Many rehabilitators released animals on their own property, probably the easiest option for monitoring but not necessarily the most appropriate. Consideration also needs to be given to how many animals the area can support or whether it is the best available site for release.

After releasing animals to the wild, rehabilitators typically monitor them for only a few days or weeks – primarily because of a lack of time, money, resources, expertise and government support.

It can also be difficult to track released wildlife. Feeding stations may be used to encourage the animals to visit a certain location, but around one-tenth of rehabilitators used more sophisticated methods such as tracking devices, motion-sensing cameras and microchips.

Only about half the rehabilitators assessed the success of releases, and for most, this was based on short-term monitoring data. Although the criteria for success are sensible – such as whether the animals are healthy, independent, feed from natural sources, behave normally and breed – rigorous assessment requires long-term monitoring data.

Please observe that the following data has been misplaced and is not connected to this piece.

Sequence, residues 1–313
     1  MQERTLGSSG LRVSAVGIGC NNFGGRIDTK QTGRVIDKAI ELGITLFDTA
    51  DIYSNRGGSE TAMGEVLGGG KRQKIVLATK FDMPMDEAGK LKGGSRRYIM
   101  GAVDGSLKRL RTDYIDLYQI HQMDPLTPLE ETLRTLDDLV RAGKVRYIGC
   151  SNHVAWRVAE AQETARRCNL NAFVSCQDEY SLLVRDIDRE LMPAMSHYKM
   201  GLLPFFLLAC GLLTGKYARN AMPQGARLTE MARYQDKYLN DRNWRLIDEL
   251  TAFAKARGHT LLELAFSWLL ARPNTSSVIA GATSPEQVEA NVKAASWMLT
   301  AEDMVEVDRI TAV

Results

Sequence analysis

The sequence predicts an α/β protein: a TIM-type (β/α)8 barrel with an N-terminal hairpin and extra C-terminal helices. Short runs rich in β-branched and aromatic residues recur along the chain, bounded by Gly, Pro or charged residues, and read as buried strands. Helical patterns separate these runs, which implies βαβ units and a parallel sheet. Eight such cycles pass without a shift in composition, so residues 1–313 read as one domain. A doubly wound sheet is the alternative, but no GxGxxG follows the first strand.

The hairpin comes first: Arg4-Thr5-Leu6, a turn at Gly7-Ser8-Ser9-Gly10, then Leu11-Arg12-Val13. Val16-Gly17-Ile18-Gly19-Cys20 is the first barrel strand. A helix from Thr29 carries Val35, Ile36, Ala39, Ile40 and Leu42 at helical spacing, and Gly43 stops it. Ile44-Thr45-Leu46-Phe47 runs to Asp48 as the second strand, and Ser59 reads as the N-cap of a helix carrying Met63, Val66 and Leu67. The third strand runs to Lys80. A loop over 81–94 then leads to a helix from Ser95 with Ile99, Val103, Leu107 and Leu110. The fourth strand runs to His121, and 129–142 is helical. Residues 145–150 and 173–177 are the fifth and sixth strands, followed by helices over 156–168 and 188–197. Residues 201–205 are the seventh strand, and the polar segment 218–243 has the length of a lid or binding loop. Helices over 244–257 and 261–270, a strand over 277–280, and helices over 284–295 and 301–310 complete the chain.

Given our findings, we see scope for the development of best-practice guidelines for wildlife rehabilitation in Australia based on shared knowledge. We encourage scientific researchers to collaborate with wildlife volunteer networks to expand our knowledge and help improve this potentially valuable wildlife conservation practice.

Amanda Guy is a PhD candidate at the University of New South Wales. Peter Banks is an Associate Professor at the University of Sydney.

More information

Guy, AJ, Banks, P (2011) A survey of current rehabilitation practices for native mammals in eastern Australia. Australian Mammalogy 34, 108-118.

A ringtail possum joey: wildlife carers go to extraordinary lengths to help rescued animals – their efforts could be made more effective through support from the scientific community.
Credit: Bruce McDonald